Beyond Runkles, Students for Life has a Pregnant on Campus initiative, active on both Christian and public-school campuses, “to make sure women know their Title X rights (that pregnant women can’t be discriminated against), to support women and educate them on both on and off campus resources, and lobby the school for diaper decks, child care, and lactation rooms.”

Embracing this approach could mean not only a graduation for Maddi Runkles but a move forward for our abortion politics. Real choices for life on a campus near you: That’s not a political agenda but a human way to approach life.


Q&A Stephen Mirarchi: Fatherhood as Heroism

YouTube’s New Father Figure

The Transformative Power of Fatherhood

Most Popular

Politics & Policy

Top Trump Attorney Resigns

John Dowd, the lead attorney representing President Donald Trump in the special-counsel investigation, resigned Thursday, two sources briefed on the matter told the New York Times. [jwplayer PCWBu1GF-wKJ9CRQU] Dowd, who began leading Trump's legal team last summer, has repeatedly floated the idea of ... Read More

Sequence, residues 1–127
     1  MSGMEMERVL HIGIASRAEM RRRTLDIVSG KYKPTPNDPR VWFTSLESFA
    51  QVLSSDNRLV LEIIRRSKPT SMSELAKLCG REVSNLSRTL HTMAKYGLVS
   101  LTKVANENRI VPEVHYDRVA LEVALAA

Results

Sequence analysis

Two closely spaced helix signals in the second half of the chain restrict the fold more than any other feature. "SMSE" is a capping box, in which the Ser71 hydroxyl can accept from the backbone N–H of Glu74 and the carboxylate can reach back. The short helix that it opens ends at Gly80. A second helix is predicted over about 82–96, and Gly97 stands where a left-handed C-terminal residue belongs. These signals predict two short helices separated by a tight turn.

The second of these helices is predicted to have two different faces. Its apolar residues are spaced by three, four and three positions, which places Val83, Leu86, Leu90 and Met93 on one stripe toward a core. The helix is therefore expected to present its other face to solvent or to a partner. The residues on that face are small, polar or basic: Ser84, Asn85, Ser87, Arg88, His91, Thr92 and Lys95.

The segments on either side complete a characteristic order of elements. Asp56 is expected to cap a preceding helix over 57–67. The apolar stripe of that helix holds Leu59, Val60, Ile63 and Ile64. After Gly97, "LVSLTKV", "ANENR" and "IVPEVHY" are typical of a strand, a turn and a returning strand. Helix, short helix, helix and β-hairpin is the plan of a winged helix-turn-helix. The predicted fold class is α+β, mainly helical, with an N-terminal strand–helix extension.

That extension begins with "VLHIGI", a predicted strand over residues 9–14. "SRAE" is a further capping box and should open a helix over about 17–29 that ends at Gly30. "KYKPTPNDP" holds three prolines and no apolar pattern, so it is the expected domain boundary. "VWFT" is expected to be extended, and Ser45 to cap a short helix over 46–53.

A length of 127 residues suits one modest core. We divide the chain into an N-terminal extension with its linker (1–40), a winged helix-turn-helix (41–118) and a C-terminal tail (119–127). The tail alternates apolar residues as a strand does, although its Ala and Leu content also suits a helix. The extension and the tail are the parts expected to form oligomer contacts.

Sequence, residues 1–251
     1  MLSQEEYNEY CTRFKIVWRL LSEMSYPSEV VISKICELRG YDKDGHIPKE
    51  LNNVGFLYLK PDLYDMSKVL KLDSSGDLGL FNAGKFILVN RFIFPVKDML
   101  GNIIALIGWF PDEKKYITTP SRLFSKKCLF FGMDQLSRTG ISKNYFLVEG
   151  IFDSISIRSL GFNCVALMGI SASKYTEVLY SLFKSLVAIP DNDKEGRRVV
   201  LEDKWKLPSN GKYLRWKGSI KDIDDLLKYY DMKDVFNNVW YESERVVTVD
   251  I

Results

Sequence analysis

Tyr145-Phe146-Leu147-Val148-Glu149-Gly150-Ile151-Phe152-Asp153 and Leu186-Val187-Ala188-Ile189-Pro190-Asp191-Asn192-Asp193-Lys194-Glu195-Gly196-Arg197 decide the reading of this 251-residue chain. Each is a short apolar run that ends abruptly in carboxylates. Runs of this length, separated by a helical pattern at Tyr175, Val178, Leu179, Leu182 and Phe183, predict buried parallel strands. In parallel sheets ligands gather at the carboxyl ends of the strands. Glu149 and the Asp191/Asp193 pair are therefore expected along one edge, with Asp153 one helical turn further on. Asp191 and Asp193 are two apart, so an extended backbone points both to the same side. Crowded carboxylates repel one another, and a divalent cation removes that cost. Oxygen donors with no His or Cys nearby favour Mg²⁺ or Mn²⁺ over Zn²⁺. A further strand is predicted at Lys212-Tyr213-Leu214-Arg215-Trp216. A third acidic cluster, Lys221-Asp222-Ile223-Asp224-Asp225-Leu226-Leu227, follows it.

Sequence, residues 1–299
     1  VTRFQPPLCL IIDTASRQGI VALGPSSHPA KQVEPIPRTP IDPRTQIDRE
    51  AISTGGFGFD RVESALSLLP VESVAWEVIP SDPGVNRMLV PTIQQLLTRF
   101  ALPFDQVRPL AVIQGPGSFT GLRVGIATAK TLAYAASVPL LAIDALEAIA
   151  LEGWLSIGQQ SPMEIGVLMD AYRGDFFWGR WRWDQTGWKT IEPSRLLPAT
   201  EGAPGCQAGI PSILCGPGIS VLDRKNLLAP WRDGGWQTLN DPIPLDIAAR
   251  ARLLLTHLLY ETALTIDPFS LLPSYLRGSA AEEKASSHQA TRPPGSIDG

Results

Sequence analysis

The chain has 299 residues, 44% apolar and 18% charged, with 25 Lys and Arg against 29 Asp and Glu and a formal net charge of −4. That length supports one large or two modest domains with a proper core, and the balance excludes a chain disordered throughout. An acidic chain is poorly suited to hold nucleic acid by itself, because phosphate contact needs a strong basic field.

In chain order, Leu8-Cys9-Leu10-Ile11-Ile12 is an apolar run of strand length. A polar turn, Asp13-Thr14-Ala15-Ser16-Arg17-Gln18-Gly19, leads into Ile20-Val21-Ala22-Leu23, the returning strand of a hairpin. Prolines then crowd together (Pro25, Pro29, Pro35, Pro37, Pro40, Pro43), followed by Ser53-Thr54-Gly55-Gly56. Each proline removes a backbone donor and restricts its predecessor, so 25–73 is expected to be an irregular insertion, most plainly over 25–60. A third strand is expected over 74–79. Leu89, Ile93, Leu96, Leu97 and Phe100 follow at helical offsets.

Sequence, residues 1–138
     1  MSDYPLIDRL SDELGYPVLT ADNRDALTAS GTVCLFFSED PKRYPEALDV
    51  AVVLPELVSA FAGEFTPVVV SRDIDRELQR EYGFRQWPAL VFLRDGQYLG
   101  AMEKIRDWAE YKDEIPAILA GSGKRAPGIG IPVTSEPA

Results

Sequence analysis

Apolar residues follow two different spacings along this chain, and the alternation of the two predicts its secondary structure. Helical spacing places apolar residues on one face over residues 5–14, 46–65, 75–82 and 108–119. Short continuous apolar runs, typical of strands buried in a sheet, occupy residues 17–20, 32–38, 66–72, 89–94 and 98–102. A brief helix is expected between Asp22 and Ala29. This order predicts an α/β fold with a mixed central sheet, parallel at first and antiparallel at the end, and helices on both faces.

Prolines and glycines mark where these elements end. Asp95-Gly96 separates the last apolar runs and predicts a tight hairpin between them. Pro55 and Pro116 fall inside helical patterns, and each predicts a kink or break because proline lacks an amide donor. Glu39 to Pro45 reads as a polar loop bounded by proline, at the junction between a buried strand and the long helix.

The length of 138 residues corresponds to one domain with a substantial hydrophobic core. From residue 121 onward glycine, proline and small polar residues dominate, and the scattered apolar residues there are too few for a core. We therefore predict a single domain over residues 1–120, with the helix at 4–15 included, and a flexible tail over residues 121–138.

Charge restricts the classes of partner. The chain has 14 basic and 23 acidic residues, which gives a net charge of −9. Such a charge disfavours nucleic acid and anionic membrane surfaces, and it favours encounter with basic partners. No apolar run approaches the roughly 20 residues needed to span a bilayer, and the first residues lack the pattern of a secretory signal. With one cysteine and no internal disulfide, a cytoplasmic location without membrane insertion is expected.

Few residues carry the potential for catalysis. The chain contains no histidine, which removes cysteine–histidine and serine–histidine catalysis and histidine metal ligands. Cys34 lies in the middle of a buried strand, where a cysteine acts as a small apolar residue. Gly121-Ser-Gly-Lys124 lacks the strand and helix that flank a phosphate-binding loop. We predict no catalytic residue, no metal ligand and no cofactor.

Thursday Links

It's William Shatner's birthday: Here he is in 1978 'singing' Rocket Man, plus a Star Trek/Monty Python mashup. Sold: Isaac Newton’s Notes on the Philosopher’s Stone. It was a long time before anyone admitted that he was interested in alchemy. High-tech forgery: Computer-generated 'Rembrandt' ... Read More

Korea: A Deadly Question

Olympic Games often have political significance, as in 1936 and as in the Olympics just past -- the Winter Games in Pyeongchang, South Korea. Those Games seemed as much political as athletic. I talk about this with Michael Breen on my latest Q&A. Breen is one of our best Korea-watchers, one of our soundest ... Read More
Film & TV

Superannuated ‘Idol’

In the pilot episode of Fox’s American Idol, Simon Cowell defined the show’s thesis: “We are going to tell people who cannot sing and have no talent that they have no talent. And that never makes you popular.” The show’s producers and its three judges -- Cowell, Paula Abdul, and Randy Jackson -- kept ... Read More